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Tag Archives: Political Science

Don’t mention the fake news

Even exposure to the ill-defined term “fake news” and claims about its prevalence can be harmful. In an experimental study among respondents from Mechanical Turk, Van Duyn, and Collier (2019) find that when people are exposed to tweets containing the term “fake news,” they become less able to discern real from fraudulent news stories. Similarly, Clayton et al. (2019) find that participants from Mechanical Turk who are exposed to a general warning about the prevalence of misleading information...

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*Missing: The Need for Closure after the Great War*

That is the new and excellent book by Richard Van Emden, and it covers how the British bureaucracy handled the reporting and identification of soldier corpses during and after the First World War.  Here is the author’s summary: Here is the story of the army’s hunt for legions of missing men.  How were they sought?  How many were found and identified and what were the implications for families when that search was wound down?  tens of thousands of British people felt compelled to...

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That was then, this is now, micro-states and empires edition

Monaco was granted sovereignty in the 1860s by Emperor Napoleon III of France, deposed a few years later. San Marino received its independence from the Roman Empire in the 4th Century, while Andorra was split off from the long forgotten Kingdom of Aragon in the 13th century. None of these great potentates would ever have imagined that the tiny stubs of countries they took pity on would have legacies much longer than their own. Yet today, San Marino competes in Eurovision and the Roman Empire...

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My Conversation with Nathan Nunn

Here is the transcript, audio, and video.  Here is part of the summary: Nathan joined Tyler for a conversation about which African countries a theory of persistence would lead him to bet on, why so many Africans live in harder to settle areas, his predictions for the effects of Chinese development on East Africa, why genetic distance is a strong predictor of bilateral income differences and trade, the pleasant surprises of visiting the Democratic Republic of Congo, the role of the Catholic...

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How Swiss politics works

And now it’s becoming clear why almost all popular initiatives are rejected. If the initiative had a obvious chance of being approved, the parliament would introduce the necessary legislation on its own. From this point of view the small number of successful initiatives is not a sign of a system malfunction, but rather a proof that the system is functioning the way it is expected to. And: Another safety measure is that Swiss referenda are, in their essence, not polarizing. In referendum...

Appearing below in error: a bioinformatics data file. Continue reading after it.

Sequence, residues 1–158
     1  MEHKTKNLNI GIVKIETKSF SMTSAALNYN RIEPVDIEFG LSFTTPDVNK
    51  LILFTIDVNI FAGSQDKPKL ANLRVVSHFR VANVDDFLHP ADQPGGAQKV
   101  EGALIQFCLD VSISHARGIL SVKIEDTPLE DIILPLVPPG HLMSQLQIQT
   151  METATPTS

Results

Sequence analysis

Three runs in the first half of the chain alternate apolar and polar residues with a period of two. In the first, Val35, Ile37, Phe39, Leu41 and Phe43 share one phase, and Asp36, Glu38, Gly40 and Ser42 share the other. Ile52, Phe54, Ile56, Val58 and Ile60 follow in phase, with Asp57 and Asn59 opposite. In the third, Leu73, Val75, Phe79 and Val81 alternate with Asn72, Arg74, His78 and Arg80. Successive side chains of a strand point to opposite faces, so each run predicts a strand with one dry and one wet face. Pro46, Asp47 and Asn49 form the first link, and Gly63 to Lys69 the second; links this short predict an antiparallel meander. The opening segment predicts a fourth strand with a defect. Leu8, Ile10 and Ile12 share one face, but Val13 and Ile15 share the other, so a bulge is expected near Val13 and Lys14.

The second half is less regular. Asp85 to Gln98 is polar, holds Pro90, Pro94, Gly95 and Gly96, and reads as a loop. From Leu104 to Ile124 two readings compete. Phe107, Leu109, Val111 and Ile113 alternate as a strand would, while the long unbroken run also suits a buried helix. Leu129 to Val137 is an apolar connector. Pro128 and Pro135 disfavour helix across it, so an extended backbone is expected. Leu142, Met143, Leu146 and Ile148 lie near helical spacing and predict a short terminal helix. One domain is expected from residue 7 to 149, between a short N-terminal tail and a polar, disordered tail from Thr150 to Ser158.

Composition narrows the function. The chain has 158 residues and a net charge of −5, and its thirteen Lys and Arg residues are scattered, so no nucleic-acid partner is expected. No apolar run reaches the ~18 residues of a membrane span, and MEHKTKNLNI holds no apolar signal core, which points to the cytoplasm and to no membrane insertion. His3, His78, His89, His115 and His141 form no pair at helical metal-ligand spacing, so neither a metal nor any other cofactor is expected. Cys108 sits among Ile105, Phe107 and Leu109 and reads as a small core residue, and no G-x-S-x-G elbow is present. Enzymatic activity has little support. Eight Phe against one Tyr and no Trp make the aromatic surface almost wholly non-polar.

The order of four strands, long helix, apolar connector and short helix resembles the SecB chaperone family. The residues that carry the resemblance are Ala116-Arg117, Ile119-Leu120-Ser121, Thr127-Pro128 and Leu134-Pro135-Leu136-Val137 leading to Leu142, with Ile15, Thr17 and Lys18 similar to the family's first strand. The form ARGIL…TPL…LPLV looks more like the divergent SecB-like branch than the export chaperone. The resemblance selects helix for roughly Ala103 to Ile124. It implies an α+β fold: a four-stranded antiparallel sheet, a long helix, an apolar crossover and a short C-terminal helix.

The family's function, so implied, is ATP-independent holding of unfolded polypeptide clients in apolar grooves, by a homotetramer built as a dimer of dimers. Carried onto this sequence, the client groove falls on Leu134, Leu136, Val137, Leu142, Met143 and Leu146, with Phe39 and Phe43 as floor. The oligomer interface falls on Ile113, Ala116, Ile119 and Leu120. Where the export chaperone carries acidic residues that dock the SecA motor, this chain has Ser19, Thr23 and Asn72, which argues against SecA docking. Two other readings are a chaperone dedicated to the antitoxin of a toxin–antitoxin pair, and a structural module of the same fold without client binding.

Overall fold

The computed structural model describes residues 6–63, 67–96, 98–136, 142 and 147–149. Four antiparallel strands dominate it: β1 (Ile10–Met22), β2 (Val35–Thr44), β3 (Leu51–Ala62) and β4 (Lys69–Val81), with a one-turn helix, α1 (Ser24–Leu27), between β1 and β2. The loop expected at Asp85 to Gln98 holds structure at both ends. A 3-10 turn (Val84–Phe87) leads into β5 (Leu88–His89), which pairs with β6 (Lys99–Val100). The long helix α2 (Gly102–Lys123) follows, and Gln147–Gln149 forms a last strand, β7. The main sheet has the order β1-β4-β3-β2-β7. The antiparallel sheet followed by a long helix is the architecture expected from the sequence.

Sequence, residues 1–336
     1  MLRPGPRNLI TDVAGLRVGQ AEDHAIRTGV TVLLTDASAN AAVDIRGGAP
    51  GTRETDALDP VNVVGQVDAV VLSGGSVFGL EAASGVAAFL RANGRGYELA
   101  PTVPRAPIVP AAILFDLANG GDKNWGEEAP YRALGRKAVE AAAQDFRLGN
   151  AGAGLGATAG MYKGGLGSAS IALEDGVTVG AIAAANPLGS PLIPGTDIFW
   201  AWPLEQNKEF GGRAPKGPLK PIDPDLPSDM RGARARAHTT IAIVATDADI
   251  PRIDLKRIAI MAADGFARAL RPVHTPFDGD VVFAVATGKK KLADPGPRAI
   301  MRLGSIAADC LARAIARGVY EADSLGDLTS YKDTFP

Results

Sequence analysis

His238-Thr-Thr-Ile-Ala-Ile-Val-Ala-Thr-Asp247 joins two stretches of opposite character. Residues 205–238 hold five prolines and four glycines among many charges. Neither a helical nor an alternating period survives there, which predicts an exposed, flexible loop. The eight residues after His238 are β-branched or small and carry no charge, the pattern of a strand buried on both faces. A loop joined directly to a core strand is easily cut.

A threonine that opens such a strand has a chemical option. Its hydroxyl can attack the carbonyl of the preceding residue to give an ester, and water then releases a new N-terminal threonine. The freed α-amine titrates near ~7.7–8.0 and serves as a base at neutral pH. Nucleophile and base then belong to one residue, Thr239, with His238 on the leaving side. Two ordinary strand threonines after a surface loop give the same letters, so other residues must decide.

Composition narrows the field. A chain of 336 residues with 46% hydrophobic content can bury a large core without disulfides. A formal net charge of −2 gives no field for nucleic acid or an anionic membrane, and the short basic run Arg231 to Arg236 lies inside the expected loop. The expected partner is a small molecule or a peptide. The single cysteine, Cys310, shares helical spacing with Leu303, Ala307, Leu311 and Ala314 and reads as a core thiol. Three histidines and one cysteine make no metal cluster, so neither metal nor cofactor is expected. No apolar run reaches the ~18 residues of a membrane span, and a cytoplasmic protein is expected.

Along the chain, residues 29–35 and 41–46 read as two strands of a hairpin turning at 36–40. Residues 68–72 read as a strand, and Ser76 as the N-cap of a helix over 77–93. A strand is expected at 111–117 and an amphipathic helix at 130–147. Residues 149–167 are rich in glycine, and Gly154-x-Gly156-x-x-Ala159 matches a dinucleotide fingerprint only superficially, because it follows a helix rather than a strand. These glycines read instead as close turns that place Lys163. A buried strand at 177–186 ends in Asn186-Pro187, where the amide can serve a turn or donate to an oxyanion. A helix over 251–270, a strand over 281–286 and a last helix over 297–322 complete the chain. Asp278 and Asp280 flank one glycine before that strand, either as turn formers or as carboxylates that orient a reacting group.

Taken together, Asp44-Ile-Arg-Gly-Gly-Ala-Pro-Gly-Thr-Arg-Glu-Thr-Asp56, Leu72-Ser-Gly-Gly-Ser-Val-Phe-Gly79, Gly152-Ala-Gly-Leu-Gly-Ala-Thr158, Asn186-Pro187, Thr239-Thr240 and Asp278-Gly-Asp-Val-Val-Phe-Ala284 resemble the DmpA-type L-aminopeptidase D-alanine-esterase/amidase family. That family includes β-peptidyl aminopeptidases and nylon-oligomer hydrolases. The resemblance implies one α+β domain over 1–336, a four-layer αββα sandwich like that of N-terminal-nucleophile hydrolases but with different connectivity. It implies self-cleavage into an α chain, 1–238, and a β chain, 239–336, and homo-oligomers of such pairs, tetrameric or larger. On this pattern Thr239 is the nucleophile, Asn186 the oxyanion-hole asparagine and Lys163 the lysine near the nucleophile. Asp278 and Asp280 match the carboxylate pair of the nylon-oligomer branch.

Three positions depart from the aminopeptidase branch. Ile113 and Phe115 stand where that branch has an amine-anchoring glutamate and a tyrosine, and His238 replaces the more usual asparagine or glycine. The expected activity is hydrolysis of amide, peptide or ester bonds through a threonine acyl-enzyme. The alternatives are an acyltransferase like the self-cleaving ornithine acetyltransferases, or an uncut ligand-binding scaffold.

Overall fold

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Why does America have such old leaders?

Since 1950, the average age of heads of government in the three dozen member countries of the Organization for Economic Cooperation and Development has steadily declined, from above 60 years old to around 54 today. The average O.E.C.D. national leader is now two decades younger than Mr. Trump — and almost a quarter century younger than Mr. Biden… And it isn’t just the American presidency that’s gone gray. The average age of Congress has trended upward for decades. Nancy Pelosi, the...

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George Mason’s critique of the American Constitution

Not long ago someone tweeted this part: The President of the United States has the unrestrained Power of granting Pardons for Treason; which may be sometimes exercised to screen from Punishment those whom he had secretly instigated to commit the Crime, & thereby prevent a Discovery of his own Guilt. And that led me to wish to read the whole thing.  Mason of course was an anti-Federalist, and in his short piece he lays out why he opposes the proposed new constitution.  Here is what I found...

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My Conversation with Melissa Dell

Interesting throughout, here is the transcript and video and audio, here is part of the summary: From the impact of the Mexican Revolution to the different development paths of northern and southern Vietnam, her work exploits what are often accidents of history — whether a Peruvian village was just inside or outside a mine’s catchment area, for example — to explain persistent differences in outcomes. Her work has earned numerous plaudits, including the John Bates Clark Medal earlier this...

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The Bari Weiss letter

Here is one part of it: But the truth is that intellectual curiosity—let alone risk-taking—is now a liability at The Times. Why edit something challenging to our readers, or write something bold only to go through the numbing process of making it ideologically kosher, when we can assure ourselves of job security (and clicks) by publishing our 4000th op-ed arguing that Donald Trump is a unique danger to the country and the world? And so self-censorship has become the norm. What rules that...

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What should I ask Matt Yglesias?

I will be doing a Conversation with him, based in part on his new forthcoming book One Billion Americans: The Case for Thinking Bigger.  While I have not yet read it, I strongly expect it will be excellent. And to be clear, this will be the conversation with Matt I want to have, not the one that you might think you wish to hear. So what should I ask? The post What should I ask Matt Yglesias? appeared first on Marginal REVOLUTION.

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